But reporters should ask the TSA whether the average American who happens to trip up a swab because they’ve come into contact with particles of one kind or another that generate false-positives should expect to undergo this kind of treatment.

If the answer is yes, that’s bad news and Americans need to know it. If the answer is no, then that just confirms what seems clear according to Mukerjee’s account: he was the victim of discrimination because of his ethnicity. Although he is a Hindu, some of his interrogators made clear they thought he was Muslim. He writes that an FBI agent told him,

“You’ll have to understand, when a person of your… background walks into here, travelling alone, and sets off our alarms, people start to get a bit nervous. I’m sure you’ve been following what’s been going on in the news recently. You’ve got people from five different branches of government all in here—we don’t do this just for fun.”

Invasive questioning of perceived Muslims about their religious beliefs and practices is an abuse we have long seen at the border.

As Gawker examines in more depth, although Mukerjee was eventually cleared by the government agents, he was also denied boarding by JetBlue and had to book an expensive last-minute flight on another airline.

27 Aug 07:46




Cat attacks dogs face -

How I feel whenever someone tries to show me that Miley Cyrus performance from the VMAs.

13 Aug 06:29

by yasmine
My least favorite chore.
30 Jul 04:49

Beach Closing

Beach Closing
16 Jul 07:22

i saw Pacific Rim I spent most of the movie with my feet up on...

i saw Pacific Rim

I spent most of the movie with my feet up on the seat, screaming into my jacket

in a good way

like it’s been a while since I’ve been sucked facefirst into a movie and it beat me into a pulp with awesomeness

go see this movie is what I’m saying here

11 Jul 02:41

quadrangledreality: godofidea: The Generation We Love To Dump...

11 Jul 02:38

"At $10 an hour you’d have to work 1,250 hours to cover the UW’s $12,500 tuition (more, once you take..."

“At $10 an hour you’d have to work 1,250 hours to cover the UW’s $12,500 tuition (more, once...
11 Jul 02:37

"LYDEN: You commissioned a dozen studies on women in media from the Annenberg School at USC. Some of..."

LYDEN: You commissioned a dozen studies on women in media from the Annenberg School at USC. Some of the figures just really boggled the imagination when you think that women are half of all moviegoers. If we didn’t go to the movies, maybe this would make more sense. But we turn out in droves.

DAVIS: I know. It really does boggle the mind. In family films and kids television shows, for every one female character, there are three male characters. But lest people think that it’s all bad news, we were able to see an increase in the percentage of female characters in family films, such that if we add female characters at the rate we have been for the past 20 years, we will achieve parity in 700 years.


DAVIS: And my institute, we have dedicated ourselves to cutting that in half. And we will not rest until it’s only 350 years.

LYDEN: Why is this the case?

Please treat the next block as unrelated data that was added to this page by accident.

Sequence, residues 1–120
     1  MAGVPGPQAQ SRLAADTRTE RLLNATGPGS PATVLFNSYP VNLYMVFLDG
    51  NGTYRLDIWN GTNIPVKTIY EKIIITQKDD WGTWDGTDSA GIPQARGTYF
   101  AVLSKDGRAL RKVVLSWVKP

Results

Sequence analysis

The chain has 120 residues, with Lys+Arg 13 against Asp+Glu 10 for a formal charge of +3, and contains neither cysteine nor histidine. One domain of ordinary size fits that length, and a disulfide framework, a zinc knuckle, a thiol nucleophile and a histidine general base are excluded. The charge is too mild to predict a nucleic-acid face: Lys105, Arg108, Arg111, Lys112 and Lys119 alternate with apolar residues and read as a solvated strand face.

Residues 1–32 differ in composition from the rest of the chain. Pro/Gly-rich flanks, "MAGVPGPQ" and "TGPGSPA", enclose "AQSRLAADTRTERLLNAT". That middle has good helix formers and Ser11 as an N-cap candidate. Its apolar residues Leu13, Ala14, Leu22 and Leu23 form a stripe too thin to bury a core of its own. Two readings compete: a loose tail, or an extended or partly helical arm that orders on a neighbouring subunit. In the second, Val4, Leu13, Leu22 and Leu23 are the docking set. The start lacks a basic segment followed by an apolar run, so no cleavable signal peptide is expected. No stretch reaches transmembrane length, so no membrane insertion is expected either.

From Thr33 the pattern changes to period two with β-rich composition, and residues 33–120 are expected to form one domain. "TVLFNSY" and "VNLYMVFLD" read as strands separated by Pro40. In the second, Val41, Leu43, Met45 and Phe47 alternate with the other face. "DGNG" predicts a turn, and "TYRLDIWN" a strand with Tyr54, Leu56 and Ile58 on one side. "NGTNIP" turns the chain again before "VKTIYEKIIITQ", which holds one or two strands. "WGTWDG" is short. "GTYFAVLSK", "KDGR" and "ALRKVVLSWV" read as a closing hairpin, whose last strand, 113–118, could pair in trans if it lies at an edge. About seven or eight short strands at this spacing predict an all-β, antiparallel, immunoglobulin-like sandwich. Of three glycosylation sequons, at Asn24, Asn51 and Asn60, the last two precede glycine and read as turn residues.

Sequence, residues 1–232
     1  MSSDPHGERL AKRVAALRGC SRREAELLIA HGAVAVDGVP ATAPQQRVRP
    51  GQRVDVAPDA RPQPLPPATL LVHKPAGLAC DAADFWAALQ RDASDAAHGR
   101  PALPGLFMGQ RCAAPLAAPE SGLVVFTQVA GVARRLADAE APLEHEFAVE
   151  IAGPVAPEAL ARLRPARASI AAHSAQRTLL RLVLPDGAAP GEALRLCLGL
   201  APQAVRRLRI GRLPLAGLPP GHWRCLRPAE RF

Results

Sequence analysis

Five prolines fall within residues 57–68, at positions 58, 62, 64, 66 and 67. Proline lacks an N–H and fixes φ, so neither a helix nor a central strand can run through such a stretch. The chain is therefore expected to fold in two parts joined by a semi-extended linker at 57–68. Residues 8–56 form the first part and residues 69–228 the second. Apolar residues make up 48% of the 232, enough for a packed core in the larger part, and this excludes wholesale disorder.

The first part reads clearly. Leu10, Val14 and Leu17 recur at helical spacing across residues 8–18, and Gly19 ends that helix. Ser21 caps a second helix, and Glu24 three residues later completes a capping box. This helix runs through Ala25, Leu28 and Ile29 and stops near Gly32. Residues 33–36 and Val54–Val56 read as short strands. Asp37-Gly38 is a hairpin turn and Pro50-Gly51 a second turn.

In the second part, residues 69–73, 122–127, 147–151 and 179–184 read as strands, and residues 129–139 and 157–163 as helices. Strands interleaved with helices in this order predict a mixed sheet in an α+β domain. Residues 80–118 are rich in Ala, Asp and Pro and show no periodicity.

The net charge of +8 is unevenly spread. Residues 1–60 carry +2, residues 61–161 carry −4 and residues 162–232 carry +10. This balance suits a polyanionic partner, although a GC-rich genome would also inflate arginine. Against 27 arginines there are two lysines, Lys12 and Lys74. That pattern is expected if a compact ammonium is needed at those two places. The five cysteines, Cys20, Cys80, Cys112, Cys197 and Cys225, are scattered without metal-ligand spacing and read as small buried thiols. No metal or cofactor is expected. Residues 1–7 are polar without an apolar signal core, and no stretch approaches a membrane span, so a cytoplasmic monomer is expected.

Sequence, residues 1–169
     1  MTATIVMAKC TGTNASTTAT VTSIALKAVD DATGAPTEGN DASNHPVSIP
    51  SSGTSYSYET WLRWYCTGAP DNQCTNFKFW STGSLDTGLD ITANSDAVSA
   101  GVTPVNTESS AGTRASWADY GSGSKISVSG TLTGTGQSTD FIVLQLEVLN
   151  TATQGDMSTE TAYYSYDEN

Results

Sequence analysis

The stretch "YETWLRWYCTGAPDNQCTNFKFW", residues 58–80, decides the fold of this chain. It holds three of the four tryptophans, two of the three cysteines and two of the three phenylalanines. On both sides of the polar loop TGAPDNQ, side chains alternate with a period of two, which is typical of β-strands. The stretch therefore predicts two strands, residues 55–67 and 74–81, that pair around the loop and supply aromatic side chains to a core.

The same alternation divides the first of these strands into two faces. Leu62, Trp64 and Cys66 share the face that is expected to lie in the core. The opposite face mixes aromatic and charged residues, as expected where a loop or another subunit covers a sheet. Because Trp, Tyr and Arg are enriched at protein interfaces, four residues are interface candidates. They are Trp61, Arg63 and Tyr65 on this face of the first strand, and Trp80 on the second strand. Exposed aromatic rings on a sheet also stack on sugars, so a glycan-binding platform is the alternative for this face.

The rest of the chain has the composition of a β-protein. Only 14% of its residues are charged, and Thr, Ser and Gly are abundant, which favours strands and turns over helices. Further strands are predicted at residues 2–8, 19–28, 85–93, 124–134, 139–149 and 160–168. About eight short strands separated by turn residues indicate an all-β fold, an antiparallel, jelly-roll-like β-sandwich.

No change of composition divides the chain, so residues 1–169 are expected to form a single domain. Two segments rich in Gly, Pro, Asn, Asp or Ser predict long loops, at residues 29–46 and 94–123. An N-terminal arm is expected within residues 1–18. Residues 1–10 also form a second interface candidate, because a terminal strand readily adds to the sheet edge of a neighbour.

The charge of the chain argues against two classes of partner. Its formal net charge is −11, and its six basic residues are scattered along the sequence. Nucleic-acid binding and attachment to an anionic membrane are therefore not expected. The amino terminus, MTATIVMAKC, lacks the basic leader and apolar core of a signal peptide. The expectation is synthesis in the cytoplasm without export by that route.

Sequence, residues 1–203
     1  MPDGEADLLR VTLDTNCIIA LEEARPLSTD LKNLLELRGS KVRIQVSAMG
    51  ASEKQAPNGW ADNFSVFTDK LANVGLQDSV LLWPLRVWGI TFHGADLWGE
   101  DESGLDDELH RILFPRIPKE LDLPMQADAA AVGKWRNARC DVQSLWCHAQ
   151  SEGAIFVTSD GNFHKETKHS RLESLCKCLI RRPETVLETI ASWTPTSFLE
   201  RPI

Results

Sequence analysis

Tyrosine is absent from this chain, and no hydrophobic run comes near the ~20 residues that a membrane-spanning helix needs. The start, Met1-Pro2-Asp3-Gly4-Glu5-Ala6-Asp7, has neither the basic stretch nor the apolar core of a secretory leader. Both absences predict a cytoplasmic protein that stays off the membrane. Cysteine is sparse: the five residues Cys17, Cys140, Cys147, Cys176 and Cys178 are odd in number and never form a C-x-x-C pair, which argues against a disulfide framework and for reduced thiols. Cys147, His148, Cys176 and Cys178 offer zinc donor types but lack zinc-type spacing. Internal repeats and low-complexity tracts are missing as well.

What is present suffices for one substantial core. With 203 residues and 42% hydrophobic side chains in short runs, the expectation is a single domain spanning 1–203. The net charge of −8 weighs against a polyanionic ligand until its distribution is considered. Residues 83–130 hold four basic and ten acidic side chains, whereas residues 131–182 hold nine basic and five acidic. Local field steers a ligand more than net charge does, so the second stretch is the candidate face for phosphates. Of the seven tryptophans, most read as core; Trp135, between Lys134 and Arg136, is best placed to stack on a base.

DAVIS: My theory is that since all anybody has seen when they are growing up is this big imbalance that the movies that they’ve watched are about, let’s say, five-to-one as far as female presence is concerned. That’s what starts to look normal. And let’s think about in difference segments of society - 17 percent of cardiac surgeons are women, 17 percent of tenured professors are women. It just goes on and on. And isn’t that strange that that’s also the percentage of women in crowd scenes in movies? What if we’re actually training people to see that ratio as normal so that when you’re an adult, you don’t notice?

LYDEN: I wonder what the impact is of all of this lack of female representation.

DAVIS: We just heard a fascinating and disturbing study where they looked at the ratio of men and women in groups. And they found that if there’s 17 percent women, the men in the group think it’s 50-50. And if there’s 33 percent women, the men perceive that as there being more women in the room than men.

LYDEN: Oh, my goodness.

DAVIS: So is it possible that 17 percent women has become so comfortable and so normal that that’s just sort of unconsciously expected?

LYDEN: Why else, Geena Davis, do these kinds of disparities matter?

DAVIS: What we’re in effect doing is training children to see that women and girls are less important than men and boys. We’re training them to perceive that women take up only 17 percent of the space in the world. And if you add on top of that that so many female characters are sexualized, even in things that are aimed at little kids, that’s having an enormous impact as well.”

- NPR, “Casting Call: Hollywood Needs More Women" [x] (via mswyrr)
06 Jul 07:49

Hideo Kojima Reviews Pacific Rim In Eight Tweets

by Stephen Totilo

:o) can't wait

Hideo Kojima Reviews Pacific Rim In Eight Tweets

It's no surprise that Hideo Kojima, maker of games about people, giant robots and war would like a new summer blockbuster about people, giant robots and monsters. (Hey, two out of three...) It is nevertheless refreshing to see how gleeful the Metal Gear mastermind is about next week's Guillermo Del Toro action flick, Pacific Rim.

Because this is the year 2013, Kojima has given his appraisal of Pacific Rim via Twitter.

Dear twitter friends, The followings are my comment regarding "Pacific Rim". Luckily I was allowed to tweet in public by WB.